|Vitrified clay pipe (DN 500)||7.9||Might be interesting for many uses|
|Ceramic sanitary ware||29|
|Paint - Water-borne||59|
|Paint - Solvent-borne||97|
|Carbon fiber composite||800||1800-2000|
|Solar cells||2088||Silicon cells, not installed.|
Plastics, for example, have a high value of embodied energy and therefore are not the best choices for construction materials, of other choices are available. Note, energy in plastic feedstock doesn not seem to be included. So on Mars you need to add the energy required to produce the feedstock, probably methane and CO2.
Aluminium requires much more energy than Steel or iron and therefore is less likely to be used for construction on Mars.
However, both steel and aluminium production on Earth uses coke, that embodies significant energy that is not counted in the evaluation made for Earth but would need to be added for Mars.
The values for wood products and other biological products in the above table do not include embodied solar energy.
With embodied solar energy:
Food: At an average yield of 3 tonnes per hectare (conservative) embodied energy is about 1580 MJ/kg. Needs to be checked in detail. Embodied energy tables for food on Earth do not include solar power but only include energy used for fertiliser production, food production and transformation. This may add about 1o-20 MJ/kg to food.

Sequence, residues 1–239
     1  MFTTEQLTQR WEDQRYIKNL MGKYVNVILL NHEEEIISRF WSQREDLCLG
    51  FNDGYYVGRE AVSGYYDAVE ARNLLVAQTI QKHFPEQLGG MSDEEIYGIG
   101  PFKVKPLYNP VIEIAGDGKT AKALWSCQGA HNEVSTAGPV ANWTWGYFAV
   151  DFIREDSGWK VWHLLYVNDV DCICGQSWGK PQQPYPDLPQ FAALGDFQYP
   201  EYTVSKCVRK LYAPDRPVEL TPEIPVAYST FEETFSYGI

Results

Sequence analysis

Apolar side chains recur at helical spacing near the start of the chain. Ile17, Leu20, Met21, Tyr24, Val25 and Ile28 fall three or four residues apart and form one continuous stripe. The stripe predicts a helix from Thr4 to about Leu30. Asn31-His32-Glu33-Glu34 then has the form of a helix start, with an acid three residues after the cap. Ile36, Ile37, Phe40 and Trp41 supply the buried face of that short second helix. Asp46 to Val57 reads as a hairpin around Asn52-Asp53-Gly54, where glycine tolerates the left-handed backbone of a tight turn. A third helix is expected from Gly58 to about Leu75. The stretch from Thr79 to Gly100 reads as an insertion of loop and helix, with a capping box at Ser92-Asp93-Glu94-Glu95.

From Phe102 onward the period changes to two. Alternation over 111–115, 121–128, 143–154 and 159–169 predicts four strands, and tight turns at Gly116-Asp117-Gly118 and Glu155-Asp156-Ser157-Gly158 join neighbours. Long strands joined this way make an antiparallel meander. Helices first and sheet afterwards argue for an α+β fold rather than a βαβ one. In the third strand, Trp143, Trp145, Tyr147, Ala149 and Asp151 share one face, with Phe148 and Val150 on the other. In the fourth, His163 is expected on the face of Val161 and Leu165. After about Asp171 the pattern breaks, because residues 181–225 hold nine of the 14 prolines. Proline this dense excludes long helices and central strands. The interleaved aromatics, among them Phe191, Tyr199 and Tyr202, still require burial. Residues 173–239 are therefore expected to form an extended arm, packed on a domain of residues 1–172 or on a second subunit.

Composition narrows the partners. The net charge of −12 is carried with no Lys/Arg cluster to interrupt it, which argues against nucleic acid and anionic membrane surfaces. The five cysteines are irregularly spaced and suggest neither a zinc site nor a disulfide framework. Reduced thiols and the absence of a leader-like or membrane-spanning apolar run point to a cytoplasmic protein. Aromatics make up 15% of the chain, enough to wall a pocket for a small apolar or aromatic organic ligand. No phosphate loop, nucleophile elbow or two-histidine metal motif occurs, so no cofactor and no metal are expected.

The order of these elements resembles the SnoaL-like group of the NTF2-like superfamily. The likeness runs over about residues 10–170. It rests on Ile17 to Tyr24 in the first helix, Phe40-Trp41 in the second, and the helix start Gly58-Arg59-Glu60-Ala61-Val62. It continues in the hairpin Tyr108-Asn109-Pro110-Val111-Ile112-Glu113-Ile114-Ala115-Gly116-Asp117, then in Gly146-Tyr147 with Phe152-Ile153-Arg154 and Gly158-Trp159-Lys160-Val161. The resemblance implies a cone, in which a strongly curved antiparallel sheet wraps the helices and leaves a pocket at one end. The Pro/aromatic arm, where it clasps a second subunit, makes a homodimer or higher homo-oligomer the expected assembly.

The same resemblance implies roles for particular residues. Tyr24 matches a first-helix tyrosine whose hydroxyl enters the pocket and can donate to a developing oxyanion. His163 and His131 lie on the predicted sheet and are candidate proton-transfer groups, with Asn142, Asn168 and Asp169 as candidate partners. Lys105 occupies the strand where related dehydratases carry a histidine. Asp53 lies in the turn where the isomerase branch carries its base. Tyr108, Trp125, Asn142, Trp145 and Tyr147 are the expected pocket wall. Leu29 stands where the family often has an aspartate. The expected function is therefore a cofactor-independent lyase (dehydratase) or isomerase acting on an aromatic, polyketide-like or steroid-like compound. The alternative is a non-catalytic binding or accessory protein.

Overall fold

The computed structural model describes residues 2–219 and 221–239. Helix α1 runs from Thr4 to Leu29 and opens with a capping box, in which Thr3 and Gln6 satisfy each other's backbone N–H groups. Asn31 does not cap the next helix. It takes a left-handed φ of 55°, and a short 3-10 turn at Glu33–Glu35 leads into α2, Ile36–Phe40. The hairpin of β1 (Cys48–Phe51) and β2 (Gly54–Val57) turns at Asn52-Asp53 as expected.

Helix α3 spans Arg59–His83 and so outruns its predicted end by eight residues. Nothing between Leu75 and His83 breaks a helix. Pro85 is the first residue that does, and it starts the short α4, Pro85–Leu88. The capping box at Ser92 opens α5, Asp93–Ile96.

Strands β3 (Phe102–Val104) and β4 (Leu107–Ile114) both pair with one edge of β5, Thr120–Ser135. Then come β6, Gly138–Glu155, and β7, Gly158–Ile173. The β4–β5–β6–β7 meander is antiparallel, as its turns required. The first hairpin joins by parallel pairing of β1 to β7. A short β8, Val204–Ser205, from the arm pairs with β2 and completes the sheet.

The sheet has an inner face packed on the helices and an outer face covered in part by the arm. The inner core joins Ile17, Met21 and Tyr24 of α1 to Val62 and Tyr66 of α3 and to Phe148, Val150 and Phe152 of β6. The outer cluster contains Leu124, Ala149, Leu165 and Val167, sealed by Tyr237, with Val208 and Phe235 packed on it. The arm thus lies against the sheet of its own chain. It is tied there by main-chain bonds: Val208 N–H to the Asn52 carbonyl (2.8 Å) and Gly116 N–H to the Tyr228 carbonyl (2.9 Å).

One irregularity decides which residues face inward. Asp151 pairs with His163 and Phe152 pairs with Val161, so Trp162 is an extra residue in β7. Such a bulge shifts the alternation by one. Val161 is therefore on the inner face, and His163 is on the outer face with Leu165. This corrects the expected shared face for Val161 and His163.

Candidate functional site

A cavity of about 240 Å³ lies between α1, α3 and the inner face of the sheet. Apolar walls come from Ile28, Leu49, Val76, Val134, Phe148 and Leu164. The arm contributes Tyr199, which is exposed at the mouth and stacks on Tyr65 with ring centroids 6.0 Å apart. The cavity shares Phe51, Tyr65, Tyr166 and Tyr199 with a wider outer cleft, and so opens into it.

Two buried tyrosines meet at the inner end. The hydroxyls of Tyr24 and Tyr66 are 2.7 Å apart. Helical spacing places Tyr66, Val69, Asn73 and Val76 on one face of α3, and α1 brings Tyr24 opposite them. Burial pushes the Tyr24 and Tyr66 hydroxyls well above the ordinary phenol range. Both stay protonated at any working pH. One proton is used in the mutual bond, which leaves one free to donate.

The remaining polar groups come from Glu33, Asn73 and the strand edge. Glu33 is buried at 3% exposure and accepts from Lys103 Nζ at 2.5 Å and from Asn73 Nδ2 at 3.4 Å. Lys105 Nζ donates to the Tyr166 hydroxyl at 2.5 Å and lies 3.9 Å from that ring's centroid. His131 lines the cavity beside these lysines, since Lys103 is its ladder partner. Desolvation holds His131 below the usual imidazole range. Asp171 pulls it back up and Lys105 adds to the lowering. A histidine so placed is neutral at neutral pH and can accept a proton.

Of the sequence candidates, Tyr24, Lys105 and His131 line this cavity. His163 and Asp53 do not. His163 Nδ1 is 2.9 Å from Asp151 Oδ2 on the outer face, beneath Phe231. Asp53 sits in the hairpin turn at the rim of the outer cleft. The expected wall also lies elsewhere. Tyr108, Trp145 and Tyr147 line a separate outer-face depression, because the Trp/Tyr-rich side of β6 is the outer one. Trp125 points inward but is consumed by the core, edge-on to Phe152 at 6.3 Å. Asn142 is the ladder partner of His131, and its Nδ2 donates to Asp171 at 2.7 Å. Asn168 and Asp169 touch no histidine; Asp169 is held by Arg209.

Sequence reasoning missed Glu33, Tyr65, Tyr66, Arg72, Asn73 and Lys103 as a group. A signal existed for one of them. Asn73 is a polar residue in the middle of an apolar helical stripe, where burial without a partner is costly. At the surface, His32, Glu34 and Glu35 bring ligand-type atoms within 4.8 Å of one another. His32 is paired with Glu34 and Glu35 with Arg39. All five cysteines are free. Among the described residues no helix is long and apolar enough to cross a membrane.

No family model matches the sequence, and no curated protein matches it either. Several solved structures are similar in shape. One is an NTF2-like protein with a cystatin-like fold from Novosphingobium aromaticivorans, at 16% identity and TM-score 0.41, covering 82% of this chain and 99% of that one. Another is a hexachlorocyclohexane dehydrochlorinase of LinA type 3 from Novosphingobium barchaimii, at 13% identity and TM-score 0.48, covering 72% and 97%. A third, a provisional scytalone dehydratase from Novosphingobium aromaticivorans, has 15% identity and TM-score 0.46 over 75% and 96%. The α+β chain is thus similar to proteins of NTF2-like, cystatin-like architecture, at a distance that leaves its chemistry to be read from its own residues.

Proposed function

Wood: At 4 tonnes per hectare for bamboo, embodied energy is about 1200 MJ/kg. Work to transform it into a usable product should be added from table above.
Embodied energy in solar cells
Including cell manufacture, supports and structure. PV cells require very high amounts of energy to manufacture and are likely to be more economical to transport from Earth in the earlier stages of a colony. However, in the long term they produce far more energy than they embody, so solar can be envisioned as a sustainable energy production method for Mars.
|Photovoltaic (PV) Cells Type||Energy MJ per m2||Carbon kg CO
2 per m2
|Thin film (average)||1305||67|
Embodied energy in consumer goods
From the University of Calgary Energy education website. For the table below the values are an aggregate of all of the energy within the objects, so there is no mass unit included, rather it is the amount of energy in the entire object.
|Embodied energy (MJ/functional unit)|
- "A Sustainable Approach to the Supply of Nitrogen". Parker Hannifin, Filtration and Separation Division. Retrieved 5 March 2015
- Sunter, D.A., Morrow III, W.R., Cresko, J.W. and Liddell, H.P., 2015, July. The manufacturing energy intensity of carbon fiber reinforced polymer composites and its effect on life cycle energy use for vehicle door lightweighting. In Proceedings of the 20th International Conference on Composite Materials (ICCM), Copenhagen, Denmark.
- N. Duque Ciceri, T.G. Gutowski, and M. Garetti. (Accessed September 13, 2015). A Tool to Estimate Materials and Manufacturing Energy for a Product [Online], Available: http://web.mit.edu/ebm/www/Publications/9_Paper.pdf
- B. Raghavan and J. Ma at UC Berkeley. (Accessed September 13, 2015). The Energy and Emergy of the Internet [Online], Available: http://conferences.sigcomm.org/hotnets/2011/papers/hotnetsX-final56.pdf